Master writing tip #1

A story consists of a platform, which is the initial conditions (people, place, relationships, time) and the unpacking of the platform: reusing, as cleverly and interestingly as possible, the various elements of the platform or their direct descendants. Bloody hell, even I can't quite make that out! Example: two men on a bus= bad platform. Two men on a bus, one hasn't paid for his ticket and the conductor is coming= slightly better platform. Two men on a bus, one ticket between them and the conductor is coming= a tad better too. So you get the picture: the platform is your pandoras box, your dressing up cupboard, your chest of goodies that you can mix and match to the reader's delight. The later on in a story you introduce a new element the more you stretch the platform out and into the unpacking of the platform. This is usually bad and makes the story read like a series of 'and then I did X, and then I did Y'. It doesn't matter how interesting each element is, without the glue of unpacking and reusing of what has come before the audience will lose interest.The chiefdelight in hearing a story is the clever reuse of something glimpsed earlier. Think of Piggy's specs in Lord of the Flies, the Ring in the Hobbit, and every gagg structure used by Charlie Chaplin. Unpacking and reusing elements of the platform are how we 'understand' the basic materials of the story. A 'three act' structure is nothing sacred- it's just this: the platform, elements of the platform going wrong, the same elements going right. The five act structure is more pleasing because we get an extra go at the elements with the 'false victory' that happens in the middle (Act 1=platform, Act 2=bad stuff happens, Act3=false victory, Act4=all hell breaks loose, Act5=a climactic struggle leading to final victory or utter defeat).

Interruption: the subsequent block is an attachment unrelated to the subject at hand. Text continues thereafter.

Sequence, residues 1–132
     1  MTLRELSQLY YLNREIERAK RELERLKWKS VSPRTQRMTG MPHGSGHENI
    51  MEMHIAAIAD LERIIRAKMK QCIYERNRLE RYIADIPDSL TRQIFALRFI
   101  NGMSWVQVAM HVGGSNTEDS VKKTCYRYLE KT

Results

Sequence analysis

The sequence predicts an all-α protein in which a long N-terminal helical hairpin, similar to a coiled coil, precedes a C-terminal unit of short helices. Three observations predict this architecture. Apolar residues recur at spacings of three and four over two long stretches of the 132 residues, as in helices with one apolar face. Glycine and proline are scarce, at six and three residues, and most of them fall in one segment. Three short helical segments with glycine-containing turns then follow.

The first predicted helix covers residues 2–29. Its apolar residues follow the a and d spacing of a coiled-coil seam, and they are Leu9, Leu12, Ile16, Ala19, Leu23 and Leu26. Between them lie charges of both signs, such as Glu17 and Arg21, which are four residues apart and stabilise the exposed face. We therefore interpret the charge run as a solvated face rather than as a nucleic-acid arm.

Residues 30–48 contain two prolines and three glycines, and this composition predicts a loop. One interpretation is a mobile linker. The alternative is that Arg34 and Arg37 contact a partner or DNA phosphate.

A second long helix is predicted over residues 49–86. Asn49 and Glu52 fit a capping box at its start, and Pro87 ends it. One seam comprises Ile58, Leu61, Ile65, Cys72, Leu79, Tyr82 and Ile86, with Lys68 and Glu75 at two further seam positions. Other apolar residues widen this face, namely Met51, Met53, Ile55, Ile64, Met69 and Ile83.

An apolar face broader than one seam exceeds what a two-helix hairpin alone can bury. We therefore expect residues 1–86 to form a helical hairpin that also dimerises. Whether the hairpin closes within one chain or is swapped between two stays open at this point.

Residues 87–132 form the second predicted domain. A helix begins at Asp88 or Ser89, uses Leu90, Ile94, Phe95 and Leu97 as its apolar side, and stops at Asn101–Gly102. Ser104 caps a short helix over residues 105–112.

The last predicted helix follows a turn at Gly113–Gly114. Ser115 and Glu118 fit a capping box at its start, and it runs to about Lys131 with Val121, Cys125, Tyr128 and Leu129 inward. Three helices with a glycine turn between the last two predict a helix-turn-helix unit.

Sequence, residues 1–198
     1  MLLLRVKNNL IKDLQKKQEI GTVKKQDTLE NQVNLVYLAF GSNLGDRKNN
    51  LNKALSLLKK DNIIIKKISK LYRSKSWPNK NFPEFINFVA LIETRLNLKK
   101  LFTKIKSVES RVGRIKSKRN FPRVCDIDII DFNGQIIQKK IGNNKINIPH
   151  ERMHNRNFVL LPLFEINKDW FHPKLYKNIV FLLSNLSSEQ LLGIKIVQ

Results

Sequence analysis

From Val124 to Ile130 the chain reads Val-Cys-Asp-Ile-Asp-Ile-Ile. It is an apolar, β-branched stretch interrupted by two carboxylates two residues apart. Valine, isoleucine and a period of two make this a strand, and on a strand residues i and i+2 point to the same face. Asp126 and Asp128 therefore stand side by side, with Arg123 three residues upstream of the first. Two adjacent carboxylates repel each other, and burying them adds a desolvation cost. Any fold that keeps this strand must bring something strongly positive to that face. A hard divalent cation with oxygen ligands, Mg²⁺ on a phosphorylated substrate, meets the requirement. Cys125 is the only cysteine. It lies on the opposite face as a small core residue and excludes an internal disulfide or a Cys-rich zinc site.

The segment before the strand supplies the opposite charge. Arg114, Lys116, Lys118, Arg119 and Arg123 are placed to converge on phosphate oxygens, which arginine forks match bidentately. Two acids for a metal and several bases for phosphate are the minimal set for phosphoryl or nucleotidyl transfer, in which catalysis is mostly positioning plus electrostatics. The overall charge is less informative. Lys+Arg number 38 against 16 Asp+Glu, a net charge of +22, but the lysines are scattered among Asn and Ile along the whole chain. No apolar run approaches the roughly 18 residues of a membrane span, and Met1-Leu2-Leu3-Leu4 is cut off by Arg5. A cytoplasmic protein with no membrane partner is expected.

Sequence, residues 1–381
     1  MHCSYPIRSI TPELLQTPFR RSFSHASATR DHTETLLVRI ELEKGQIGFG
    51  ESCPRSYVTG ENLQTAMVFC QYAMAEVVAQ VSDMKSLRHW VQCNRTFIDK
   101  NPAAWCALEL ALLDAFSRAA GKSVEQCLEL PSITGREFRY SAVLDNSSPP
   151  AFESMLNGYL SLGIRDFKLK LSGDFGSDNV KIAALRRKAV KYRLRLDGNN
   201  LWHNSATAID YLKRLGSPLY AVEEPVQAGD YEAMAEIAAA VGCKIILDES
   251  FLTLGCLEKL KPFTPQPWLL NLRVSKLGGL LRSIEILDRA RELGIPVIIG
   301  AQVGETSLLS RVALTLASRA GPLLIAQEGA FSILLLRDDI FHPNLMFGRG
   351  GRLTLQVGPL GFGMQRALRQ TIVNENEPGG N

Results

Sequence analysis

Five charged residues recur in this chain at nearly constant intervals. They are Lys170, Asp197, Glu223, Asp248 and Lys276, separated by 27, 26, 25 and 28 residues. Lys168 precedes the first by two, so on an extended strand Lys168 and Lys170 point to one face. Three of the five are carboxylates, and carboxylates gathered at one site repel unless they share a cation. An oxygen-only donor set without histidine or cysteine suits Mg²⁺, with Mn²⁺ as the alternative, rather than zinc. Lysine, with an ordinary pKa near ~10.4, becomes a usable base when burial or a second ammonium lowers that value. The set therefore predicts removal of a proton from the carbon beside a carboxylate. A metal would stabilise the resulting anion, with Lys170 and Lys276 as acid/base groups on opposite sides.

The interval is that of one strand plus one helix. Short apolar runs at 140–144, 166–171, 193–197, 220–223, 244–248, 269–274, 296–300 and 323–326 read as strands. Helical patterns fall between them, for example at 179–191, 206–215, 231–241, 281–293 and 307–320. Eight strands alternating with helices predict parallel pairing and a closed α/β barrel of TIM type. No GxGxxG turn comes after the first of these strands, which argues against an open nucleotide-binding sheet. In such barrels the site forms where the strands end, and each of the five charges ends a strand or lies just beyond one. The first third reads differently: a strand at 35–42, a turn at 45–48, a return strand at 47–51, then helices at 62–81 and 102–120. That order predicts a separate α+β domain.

Interesting platforms lead to interesting stories. Forget what you can drag in later. If it 'aint in the platform get a new one. Hated notions such as the 'hi concept' movie have something right here. A high concept platform is probably a fruitful one, other things being equal. If you can repeat the platform to someone without embarrassment it is probably a good start. If the platform seems to DEMAND explanation (like the marvellous 'hundred year old man who leapt out of a window') then you are onto something.

The tip: create platforms that seem to demand further explanation.